On minimalism

Nicholas Chen tuesday, june 8, 2021
aestheticsessay
Silicon Valley has embraced an aesthetic of minimalism. Roughly stated, this is the belief that in general, simple things are more beautiful, and that you can make things more beautiful by removing elements rather than by adding them.
Ironically, minimalism is far from simple, and there are a lot of different flavors of it. Here are a couple of examples of different minimal styles of writing. There's the terse, masculine minimalism of a writer like Hemingway: the minimalism of a distant father, fond of whiskey and cigars, who sees the use of words as emotive and thus avoids them. There's the technical minimalism of an author like Paul Graham, a minimalism that treats words like code, moving parts in a machine to be optimized away, possible sources of error to be eliminated. Then there's the pragmatic businesslike minimalism of online writers seeking a platform like David Perell, who view each word as effort expended by a possible reader, and therefore something to be minimized as well. These are only a couple examples of minimalism in one medium, writing - if we examine the visual and musical arts as well there are far more.
There is a time and place for minimalism, and all in all I don't think it is an intrinsically bad thing. I should also point out that I like all three writers mentioned above. However, I do think it's overused as an aesthetic philosophy, and that this overuse is a symptom of a deeper cultural illness: a general lack of conviction and courage.
This raises the question: what is good minimalism, and what is bad minimalism? My tentative answer is this: Good minimalism is the use of absence to convey richness and detail; bad minimalism is the self-effacing tendency of aesthetic cowardice.

Good vs Bad minimalism

What are examples of good minimalism? I don't like Paul Graham's prescription to write simply, but I like his particular brand of minimalism because it's a distinct flavor of minimalism. His minimalism reflects an engineer's mindset: the bright, precise, yet playful character of an innovator who views words as moving pieces in a sublime mechanism, parts to be optimized away for the beauty of the whole. I don't think this is true, but an aesthetic does not have to be true. I think it is laudable that Paul Graham writes as if he is programming because it expresses something true and unique about his character; I think it is wrong for him to say that writing is like programming. In other words, Paul Graham's writing philosophy mistakenly prescribes as universal advice what is particular to his own style. In other words, if you can be authentically minimal, then do it.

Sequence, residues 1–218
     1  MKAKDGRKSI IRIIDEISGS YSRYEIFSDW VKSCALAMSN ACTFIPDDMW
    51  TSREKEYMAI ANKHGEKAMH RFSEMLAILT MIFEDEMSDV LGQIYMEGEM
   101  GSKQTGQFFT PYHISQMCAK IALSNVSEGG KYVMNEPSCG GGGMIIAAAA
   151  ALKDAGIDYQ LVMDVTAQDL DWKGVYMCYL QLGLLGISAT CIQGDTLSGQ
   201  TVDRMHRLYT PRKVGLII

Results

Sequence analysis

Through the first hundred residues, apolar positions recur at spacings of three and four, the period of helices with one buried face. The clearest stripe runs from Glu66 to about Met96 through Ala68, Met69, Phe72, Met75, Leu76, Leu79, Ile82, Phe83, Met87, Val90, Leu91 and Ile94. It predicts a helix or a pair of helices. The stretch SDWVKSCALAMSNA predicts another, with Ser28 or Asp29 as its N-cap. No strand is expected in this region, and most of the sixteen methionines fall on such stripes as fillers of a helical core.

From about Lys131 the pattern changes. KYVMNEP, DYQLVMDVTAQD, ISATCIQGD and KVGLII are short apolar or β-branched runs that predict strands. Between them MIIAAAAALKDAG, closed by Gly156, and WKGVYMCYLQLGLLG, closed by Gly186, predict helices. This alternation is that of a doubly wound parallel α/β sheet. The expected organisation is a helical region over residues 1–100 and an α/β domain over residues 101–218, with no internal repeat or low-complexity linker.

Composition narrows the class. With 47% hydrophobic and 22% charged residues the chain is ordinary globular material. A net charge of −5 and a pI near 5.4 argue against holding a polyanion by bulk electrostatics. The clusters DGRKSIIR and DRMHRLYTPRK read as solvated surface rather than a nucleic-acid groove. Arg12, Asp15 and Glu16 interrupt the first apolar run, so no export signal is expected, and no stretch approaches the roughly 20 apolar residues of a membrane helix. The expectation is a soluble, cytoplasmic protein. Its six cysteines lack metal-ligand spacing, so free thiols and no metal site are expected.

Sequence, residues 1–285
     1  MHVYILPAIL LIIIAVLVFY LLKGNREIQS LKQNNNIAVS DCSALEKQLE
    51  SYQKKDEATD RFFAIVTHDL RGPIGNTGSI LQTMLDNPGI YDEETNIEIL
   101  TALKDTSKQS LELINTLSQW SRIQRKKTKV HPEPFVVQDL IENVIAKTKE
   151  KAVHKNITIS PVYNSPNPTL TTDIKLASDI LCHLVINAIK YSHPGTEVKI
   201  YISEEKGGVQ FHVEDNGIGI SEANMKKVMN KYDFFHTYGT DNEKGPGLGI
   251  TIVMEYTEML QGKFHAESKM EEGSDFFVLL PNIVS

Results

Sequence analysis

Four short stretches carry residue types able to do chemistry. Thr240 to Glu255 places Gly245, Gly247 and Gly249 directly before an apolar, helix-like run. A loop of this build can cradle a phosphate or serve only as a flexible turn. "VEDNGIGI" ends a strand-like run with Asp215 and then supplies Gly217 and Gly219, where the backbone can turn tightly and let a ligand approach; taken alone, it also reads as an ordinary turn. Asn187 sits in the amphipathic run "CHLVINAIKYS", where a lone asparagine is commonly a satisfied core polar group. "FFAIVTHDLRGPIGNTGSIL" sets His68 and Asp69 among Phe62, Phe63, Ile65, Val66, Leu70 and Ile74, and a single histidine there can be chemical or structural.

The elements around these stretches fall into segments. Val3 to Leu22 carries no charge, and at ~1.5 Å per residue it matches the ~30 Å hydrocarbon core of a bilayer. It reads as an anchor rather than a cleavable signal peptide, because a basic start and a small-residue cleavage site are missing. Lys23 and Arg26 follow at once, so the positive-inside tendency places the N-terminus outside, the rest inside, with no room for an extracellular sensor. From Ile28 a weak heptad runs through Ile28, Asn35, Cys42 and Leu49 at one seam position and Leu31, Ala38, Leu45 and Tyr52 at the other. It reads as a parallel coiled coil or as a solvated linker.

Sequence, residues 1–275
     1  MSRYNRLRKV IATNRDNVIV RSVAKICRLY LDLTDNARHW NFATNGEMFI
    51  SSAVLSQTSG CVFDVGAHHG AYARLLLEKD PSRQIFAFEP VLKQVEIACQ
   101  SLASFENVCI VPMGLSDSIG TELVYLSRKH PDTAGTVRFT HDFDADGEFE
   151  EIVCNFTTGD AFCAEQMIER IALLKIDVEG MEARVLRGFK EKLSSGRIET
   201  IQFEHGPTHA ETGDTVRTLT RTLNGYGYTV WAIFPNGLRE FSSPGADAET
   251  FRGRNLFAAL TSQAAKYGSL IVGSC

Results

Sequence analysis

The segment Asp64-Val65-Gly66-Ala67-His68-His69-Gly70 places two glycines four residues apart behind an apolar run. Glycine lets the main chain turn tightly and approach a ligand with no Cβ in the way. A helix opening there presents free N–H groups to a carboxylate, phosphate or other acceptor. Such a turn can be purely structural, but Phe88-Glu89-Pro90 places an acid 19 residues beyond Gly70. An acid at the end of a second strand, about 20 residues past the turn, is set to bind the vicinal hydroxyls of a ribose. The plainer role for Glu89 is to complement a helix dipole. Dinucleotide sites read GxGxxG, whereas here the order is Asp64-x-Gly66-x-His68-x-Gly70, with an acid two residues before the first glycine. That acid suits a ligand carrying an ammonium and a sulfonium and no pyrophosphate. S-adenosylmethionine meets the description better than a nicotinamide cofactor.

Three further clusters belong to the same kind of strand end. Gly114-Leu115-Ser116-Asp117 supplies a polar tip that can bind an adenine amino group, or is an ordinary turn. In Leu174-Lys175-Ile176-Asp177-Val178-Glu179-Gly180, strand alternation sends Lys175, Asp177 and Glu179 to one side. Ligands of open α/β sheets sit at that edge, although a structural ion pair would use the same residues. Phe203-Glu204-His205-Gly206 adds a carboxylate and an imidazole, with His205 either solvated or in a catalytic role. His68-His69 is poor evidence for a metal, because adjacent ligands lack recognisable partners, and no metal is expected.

Bad minimalism, on the other hand, shows a lack of direction and conviction. Take Google's icon redesigns. Not only are they significantly worse from a visibility standpoint, but they also express a confused and weak sense of direction, which is ostensibly to create a coherent "brand image" by making all the icons look really similar. But what is this "brand image?" Nothing, it's as empty as Google's mission, which slipped over the course of two decades from "Don't be evil" to its current sad, formless state. Generally speaking, cookie-cutter minimalism is ugly. Sometimes it is the pragmatic choice, for example, if you're building a minimum viable product and don't want to worry about design yet, but the fact that it is the least ugly choice doesn't change the fact that it's still ugly.
If minimalism is the tendency to subtract, then it is the reason for subtracting that makes all the difference.

Conviction

In general, we should strive to have conviction in what we make. When minimalism is an expression of this conviction, it is good, but more often than not it's used as a crutch to mask a lack of conviction.
On some level the underlying psychological drive behind bad minimalism is similar to the one of a slacking but intelligent student - the slacker thinks, "I only studied 30 minutes and still got a C plus" because he is scared of trying hard and still getting an unsatisfactory grade, the bad minimalist thinks, "I only used flat designs to make my product and it looks presentable" because he is scared that if he tries to make something beautiful he'll be ridiculed for it. It is an ego protection mechanism.
My philosophy here is this: it is better to try and make something authentic, beautiful, and expressive and have it turn out bad than it is to hide behind the safeness of minimalism. If you're writing, go ahead and try to sound clever. You might fail and sound incredibly immature, but a fear of failure is disastrous for any creative endeavor. If you're designing something, go all out. Make it bold and loud, and if it turns out gaudy, you can fix it on the next iteration. This was what I tried to do exegesis' redesign, and so far I'm very happy with it.
Beauty is something worth striving for, even if failing at it makes you look stupid.